Volume X Christmas 1916 No. 60
It is with the deepest regret that we have to announce the death of Mr O.J. Hobbs, who was killed in action at the Battle of the Ancre last month. Soon after the war started Mr Hobbs joined the Naval Division, Anson Battalion. He passed through all the Non-Commissioned ranks, and after being appointed Chief-Petty Officer, he received his commission as a Sub-Lieutenant. He fought at the Dardanelles and at Salonika and thence proceeded to France. Mr Hobbs was a brilliant scholar, being an MA. of Oxford and BSc of London University. He was formerly a scholar of Merton college. We venture to express our most profound sympathy with all his relatives.
Somewhere in France.
September 1916. Thank goodness things seem pretty bright now, and we have the upper hand. Goodness only knows how long it will take the Huns yet to see that they are really licked!
We spent the night consolidating our position and then suddenly during "Stand down" about 4 a.m., I heard bombing on the left of the Company. Here we held a blocked communication trench which ran into the Bosch lines. I went across to the left to see what the trouble was and found the Hun was making a counter attack on our trench and almost as soon as I set foot in the communication trench he sent over a volley of about half a dozen bombs. They were beautifully aimed and put practically all of us out (8 men). Naturally I got pieces all over me and one wretched bomb burst at the side of my foot. I was able to crawl away from the communication into the fire trench, where I was bound up by a Machine Gun Sergeant. Then two of our men helped me along into another Company's lines where I was bound up again by their stretcher bearers and carried on a stretcher to our Battalion Head Quarters. Here I was patched up by our Medical Officer. I was then taken down into Head Quarters dug-out. I lay on a wire matting bed till 11 p.m. when I was taken back to the Dressing Station by four bearers. It was a journey too, because we had to come from the Hun Trenches across No Man's Land through the British System and finally back again to the Dressing Station. At 6 p.m. the next morning a Motor Ambulance took us away to another dressing post. My stay here was short and a few hours later I found myself once again in a Motor Ambulance on my way to the Central Clearing Station. Once more I was put in to a Motor Ambulance this time for a 20 mile ride - a "joy ride" I shall not easily forget as the roads were very bad. On my arrival I was operated upon and five souvenirs were cut out of me. The same night I went by train to the base and found myself in the Duchess of Westminster's Hospital and have a dizzy recollection of murmuring to the nurses something about beds being "too short". The next three weeks remain in my mind as a nasty nightmare.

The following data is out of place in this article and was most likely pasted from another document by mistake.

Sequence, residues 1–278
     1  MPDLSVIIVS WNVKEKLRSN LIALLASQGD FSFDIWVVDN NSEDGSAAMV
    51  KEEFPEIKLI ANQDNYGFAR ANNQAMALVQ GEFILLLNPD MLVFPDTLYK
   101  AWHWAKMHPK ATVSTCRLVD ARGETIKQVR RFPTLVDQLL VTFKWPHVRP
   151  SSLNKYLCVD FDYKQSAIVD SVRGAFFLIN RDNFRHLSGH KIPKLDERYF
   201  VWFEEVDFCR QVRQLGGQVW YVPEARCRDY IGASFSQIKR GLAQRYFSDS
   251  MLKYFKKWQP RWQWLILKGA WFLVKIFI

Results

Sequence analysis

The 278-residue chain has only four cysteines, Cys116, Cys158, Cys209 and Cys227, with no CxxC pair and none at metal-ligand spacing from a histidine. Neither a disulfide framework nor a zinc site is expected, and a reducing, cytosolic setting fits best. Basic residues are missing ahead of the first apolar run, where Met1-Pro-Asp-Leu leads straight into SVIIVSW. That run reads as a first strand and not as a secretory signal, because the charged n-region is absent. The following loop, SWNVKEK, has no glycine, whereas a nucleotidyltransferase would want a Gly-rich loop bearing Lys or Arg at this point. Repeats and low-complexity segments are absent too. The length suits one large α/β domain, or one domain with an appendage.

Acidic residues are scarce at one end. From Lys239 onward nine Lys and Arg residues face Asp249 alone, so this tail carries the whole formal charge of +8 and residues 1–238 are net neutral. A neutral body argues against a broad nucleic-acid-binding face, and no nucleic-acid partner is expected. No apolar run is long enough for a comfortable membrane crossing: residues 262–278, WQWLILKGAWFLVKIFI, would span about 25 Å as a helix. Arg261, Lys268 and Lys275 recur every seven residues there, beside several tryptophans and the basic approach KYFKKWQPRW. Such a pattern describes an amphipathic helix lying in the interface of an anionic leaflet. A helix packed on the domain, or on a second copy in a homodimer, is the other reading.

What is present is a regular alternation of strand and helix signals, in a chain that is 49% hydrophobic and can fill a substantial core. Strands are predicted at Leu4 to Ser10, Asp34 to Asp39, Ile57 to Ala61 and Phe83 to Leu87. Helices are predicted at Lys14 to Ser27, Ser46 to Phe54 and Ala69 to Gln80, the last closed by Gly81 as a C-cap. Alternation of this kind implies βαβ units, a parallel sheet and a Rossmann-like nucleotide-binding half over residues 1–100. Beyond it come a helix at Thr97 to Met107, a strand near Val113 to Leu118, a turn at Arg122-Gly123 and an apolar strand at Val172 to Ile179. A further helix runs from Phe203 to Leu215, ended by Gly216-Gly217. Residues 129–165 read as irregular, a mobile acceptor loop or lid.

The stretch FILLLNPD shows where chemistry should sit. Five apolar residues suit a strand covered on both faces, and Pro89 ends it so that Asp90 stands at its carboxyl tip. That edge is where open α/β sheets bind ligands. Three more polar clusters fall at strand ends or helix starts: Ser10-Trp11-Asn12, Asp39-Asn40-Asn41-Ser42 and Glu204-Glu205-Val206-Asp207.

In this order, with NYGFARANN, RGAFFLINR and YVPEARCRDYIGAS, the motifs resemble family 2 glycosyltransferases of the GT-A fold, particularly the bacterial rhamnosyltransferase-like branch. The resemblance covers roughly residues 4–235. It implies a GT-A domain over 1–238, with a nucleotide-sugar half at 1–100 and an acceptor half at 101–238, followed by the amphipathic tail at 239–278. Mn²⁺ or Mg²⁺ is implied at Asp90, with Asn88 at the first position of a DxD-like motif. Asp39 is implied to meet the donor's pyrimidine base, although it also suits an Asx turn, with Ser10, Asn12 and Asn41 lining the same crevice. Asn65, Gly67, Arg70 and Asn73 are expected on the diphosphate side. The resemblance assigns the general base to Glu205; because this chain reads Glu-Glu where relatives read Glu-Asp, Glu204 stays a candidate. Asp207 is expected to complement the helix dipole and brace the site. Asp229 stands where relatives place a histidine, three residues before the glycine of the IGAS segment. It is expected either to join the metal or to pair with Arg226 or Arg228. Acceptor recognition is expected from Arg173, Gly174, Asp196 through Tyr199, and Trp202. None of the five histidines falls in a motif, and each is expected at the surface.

We have to announce with regret the deaths of Eric Gutteridge, Sec-Lieut., Leicester Regiment, and Stanley Neil, Captain, R.E. In the same battle (the Somme) Colin Mc Carraher, Sec-Lieut., Yorks. and Lancs. Regt., and John Jack, Captain, R.E., were both severely wounded, the latter for the second time.
Concerning Eric Gutteridge, we have permission to publish the following from his C.O.: -
"He dies at the head of his platoon, leading them in a charge against the German trenches. He dies nobly. I was talking to him only a few minutes before the charge. He was cheerful and eager " to get at em", as he expressed it. His cheerful voice, full of confidence, was a great encouragement to his men. His jolly personality had endeared him to his brother officers. He nobly upheld the traditions of the British Army and the honour of the regiment".
(from a second letter)
"He was very pleased with himself when he knew that his platoon was to lead the way, and he was determined to give a good account of himself. He coolly got all his men into their places and, when the signal for the advance was given, led them forward. As we neared the German lines, the enemy were able to get their machine guns into action and held us up for a while. Despite the heavy fire our fellows crawled forward. He got right on to the German parapet, when he was shot through the head. He was killed on July 14th, the National Day of France. I made it my business to find his body the next morning.
Until this term we were known officially as the Southampton King Edward VI School Cadet Company. The Hampshire Territorial Force Association has now recognised us as a Cadet Corps of two companies, and our title appears in Army Orders as Southampton King Edward VI School Cadet Corps.
Bad weather during the term has prevented fieldwork. Much good work, however, has been carried out in the playground. The division of the Corps into two companies is having a beneficial effect.
On October 14th 30 Cadets, representing the Corps, were inspected by Colonel Sir H.G.L. Crichton. The Cadets acquitted themselves admirably, and were highly praised by Colonel Crichton.